And so I decided to write about it this Christmas, starting with the words, “I remember standing in the old church in Windsor.”

Out of curiosity I first investigated the history of the hymn. It was written by Phillips Brooks, considered one of the greatest preachers of the 19th century in America. Brooks:  a man who believed that Christianity was more than doctrine. Who called Jesus Christ “the condescension of divinity, and the exaltation of humanity.”

In 1868, following his visit to Bethlehem a couple of years earlier, Brooks wrote a “simple little carol” and asked his organist, Mr. Lewis H. Redner, to put a tune to it for the coming Christmas service. Redner also taught Sunday School at Holy Trinity, where Brooks was rector, and worried more about the lesson he would teach than the music. On the Saturday before they were to rehearse it, Redner still hadn’t made any headway, but he was awoken that night, as he later said, “hearing an angel-strain whispering in my ear.”

The angel-strain is still being sung almost 150 years later.

And then I stumbled upon a passage in which Brooks spoke of the experience which led to his writing of the hymn: “I remember standing in the old church in Bethlehem,” he begins, and although there’s undoubtedly little more than coincidence in the similarity of his phrasing to my own opening line, it felt like a confirmation that somehow my own vision had been passed along to me.

“I remember standing in the old church in Bethlehem, close to the spot where Jesus was born, when the whole church was ringing hour after hour with splendid hymns of praise to God, how again and again it seemed as if I could hear voices I knew well, telling each other of the Wonderful Night of the Sav­ior’s birth.”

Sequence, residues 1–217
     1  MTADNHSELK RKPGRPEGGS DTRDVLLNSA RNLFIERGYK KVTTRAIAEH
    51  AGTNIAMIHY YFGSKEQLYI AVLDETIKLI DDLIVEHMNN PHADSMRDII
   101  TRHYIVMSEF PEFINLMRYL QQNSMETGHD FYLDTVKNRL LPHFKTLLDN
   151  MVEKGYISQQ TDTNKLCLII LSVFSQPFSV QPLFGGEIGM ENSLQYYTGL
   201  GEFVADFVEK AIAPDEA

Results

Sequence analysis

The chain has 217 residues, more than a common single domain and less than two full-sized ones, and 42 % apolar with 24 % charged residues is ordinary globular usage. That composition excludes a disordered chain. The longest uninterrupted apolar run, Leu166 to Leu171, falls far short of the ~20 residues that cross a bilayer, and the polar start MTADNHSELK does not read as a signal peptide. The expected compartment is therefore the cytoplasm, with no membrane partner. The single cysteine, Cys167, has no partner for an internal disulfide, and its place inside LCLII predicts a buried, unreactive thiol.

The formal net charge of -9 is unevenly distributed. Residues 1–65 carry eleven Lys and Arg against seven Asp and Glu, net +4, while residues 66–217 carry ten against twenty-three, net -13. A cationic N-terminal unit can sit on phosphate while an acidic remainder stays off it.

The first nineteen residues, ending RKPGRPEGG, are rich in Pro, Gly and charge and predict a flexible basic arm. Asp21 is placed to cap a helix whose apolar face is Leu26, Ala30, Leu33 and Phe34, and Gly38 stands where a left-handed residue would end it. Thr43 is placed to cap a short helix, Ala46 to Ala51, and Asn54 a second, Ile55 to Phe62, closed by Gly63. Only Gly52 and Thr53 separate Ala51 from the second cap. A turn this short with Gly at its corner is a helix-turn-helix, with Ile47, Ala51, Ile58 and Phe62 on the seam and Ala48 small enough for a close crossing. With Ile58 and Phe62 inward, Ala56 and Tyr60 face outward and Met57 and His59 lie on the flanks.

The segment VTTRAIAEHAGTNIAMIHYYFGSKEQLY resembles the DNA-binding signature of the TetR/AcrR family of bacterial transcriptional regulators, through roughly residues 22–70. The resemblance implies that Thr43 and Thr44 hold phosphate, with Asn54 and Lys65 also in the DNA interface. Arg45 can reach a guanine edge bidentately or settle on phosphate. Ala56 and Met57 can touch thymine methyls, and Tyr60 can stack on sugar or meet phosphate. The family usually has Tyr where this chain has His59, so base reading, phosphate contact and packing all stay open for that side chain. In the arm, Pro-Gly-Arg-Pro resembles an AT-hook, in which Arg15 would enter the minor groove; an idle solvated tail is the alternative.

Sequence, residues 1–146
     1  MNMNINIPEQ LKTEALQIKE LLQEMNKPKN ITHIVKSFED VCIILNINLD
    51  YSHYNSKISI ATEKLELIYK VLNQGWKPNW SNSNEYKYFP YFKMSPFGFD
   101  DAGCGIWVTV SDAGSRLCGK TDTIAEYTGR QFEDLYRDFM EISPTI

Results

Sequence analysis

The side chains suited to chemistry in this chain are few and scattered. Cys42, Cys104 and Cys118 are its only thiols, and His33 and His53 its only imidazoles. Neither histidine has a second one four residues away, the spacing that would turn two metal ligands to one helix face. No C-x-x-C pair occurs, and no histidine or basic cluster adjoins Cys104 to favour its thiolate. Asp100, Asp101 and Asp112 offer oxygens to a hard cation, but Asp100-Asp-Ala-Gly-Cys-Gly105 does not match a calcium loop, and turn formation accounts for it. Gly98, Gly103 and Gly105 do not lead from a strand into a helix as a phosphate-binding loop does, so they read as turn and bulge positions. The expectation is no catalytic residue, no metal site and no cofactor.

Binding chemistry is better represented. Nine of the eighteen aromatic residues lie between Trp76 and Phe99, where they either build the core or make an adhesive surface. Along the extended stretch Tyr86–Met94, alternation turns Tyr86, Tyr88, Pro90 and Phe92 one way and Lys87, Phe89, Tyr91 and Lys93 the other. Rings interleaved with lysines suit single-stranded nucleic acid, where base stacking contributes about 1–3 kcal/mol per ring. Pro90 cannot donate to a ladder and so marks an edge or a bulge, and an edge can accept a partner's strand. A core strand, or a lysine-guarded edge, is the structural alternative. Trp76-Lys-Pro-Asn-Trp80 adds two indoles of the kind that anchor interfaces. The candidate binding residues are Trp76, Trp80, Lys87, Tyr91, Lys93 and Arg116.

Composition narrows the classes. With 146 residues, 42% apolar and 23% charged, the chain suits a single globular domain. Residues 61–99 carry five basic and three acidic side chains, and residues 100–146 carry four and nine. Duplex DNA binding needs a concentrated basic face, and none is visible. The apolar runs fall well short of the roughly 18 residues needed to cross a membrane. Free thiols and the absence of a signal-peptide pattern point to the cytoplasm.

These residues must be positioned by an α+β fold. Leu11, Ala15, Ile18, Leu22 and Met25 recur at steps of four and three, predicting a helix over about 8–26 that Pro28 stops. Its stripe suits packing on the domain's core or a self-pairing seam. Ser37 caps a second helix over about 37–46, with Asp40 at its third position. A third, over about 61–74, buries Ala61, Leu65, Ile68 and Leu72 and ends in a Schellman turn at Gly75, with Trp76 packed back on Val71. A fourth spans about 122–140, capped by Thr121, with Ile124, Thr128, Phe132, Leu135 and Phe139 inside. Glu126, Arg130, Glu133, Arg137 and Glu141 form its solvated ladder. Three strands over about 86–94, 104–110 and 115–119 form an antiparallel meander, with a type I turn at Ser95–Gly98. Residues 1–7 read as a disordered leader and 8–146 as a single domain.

Merry Christmas, all.

O little town of Bethlehem, how still we see thee lie!
Above thy deep and dreamless sleep the silent stars go by.
Yet in thy dark streets shineth the everlasting Light;
The hopes and fears of all the years are met in thee tonight.

For Christ is born of Mary, and gathered all above,
While mortals sleep, the angels keep their watch of wondering love.
O morning stars together, proclaim the holy birth,
And praises sing to God the King, and peace to men on earth!

How silently, how silently, the wondrous Gift is giv’n;
So God imparts to human hearts the blessings of His Heav’n.
No ear may hear His coming, but in this world of sin,
Where meek souls will receive Him still, the dear Christ enters in.

Where children pure and happy pray to the blessèd Child,
Where misery cries out to Thee, Son of the mother mild;
Where charity stands watching and faith holds wide the door,
The dark night wakes, the glory breaks, and Christmas comes once more.

O holy Child of Bethlehem, descend to us, we pray;
Cast out our sin, and enter in, be born in us today.
We hear the Christmas angels the great glad tidings tell;
O come to us, abide with us, our Lord Emmanuel!

Originally published in The Gull Lake Advance, Christmas 2012